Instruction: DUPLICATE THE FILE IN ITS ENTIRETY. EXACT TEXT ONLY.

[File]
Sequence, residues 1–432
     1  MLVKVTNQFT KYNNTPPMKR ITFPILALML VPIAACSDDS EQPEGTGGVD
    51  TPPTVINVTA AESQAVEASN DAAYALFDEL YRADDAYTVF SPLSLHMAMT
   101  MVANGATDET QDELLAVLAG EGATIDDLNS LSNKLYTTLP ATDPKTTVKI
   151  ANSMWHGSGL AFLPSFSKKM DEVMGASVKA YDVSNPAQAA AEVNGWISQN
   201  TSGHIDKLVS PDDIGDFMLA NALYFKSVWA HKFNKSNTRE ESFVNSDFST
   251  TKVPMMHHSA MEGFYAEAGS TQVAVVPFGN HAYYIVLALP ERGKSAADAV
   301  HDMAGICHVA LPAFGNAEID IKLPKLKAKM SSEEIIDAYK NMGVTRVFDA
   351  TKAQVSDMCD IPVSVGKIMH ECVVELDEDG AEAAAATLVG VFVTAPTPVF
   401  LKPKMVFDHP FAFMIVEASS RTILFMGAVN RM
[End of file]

Sequence, residues 1–432
     1  MLVKVTNQFT KYNNTPPMKR ITFPILALML VPIAACSDDS EQPEGTGGVD
    51  TPPTVINVTA AESQAVEASN DAAYALFDEL YRADDAYTVF SPLSLHMAMT
   101  MVANGATDET QDELLAVLAG EGATIDDLNS LSNKLYTTLP ATDPKTTVKI
   151  ANSMWHGSGL AFLPSFSKKM DEVMGASVKA YDVSNPAQAA AEVNGWISQN
   201  TSGHIDKLVS PDDIGDFMLA NALYFKSVWA HKFNKSNTRE ESFVNSDFST
   251  TKVPMMHHSA MEGFYAEAGS TQVAVVPFGN HAYYIVLALP ERGKSAADAV
   301  HDMAGICHVA LPAFGNAEID IKLPKLKAKM SSEEIIDAYK NMGVTRVFDA
   351  TKAQVSDMCD IPVSVGKIMH ECVVELDEDG AEAAAATLVG VFVTAPTPVF
   401  LKPKMVFDHP FAFMIVEASS RTILFMGAVN RM